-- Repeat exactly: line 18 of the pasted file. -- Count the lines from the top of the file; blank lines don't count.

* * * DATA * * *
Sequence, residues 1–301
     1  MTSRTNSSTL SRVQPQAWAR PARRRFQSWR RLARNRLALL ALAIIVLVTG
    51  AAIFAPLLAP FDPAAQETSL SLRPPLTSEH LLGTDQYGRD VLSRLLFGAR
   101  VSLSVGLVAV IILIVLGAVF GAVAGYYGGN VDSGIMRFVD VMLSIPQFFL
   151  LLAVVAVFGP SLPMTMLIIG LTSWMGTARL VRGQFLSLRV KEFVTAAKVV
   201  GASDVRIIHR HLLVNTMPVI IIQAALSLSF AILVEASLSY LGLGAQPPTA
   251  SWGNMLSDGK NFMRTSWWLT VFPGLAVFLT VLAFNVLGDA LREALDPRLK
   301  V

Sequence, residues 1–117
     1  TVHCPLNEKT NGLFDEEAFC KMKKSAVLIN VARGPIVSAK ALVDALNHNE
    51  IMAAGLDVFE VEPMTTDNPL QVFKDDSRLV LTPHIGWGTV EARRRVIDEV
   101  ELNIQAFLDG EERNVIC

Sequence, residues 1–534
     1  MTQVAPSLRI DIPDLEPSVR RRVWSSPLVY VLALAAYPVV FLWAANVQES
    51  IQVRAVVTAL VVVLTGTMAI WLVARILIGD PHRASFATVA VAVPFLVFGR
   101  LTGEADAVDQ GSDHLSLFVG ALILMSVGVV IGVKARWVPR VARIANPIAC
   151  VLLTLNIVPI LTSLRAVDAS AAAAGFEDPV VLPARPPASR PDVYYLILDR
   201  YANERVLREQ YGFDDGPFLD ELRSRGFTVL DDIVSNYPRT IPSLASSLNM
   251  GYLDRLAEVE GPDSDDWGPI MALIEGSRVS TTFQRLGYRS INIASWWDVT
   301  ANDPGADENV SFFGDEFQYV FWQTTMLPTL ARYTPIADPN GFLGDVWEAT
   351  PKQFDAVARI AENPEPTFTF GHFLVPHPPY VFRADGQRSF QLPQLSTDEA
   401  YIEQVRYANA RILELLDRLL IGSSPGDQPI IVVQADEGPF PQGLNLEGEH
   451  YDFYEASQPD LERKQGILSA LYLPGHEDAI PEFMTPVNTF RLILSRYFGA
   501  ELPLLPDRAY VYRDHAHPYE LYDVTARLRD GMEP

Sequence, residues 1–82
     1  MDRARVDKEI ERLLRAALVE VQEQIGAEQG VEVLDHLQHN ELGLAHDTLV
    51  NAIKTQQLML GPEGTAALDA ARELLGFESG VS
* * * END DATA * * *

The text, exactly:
   201  YANERVLREQ YGFDDGPFLD ELRSRGFTVL DDIVSNYPRT IPSLASSLNM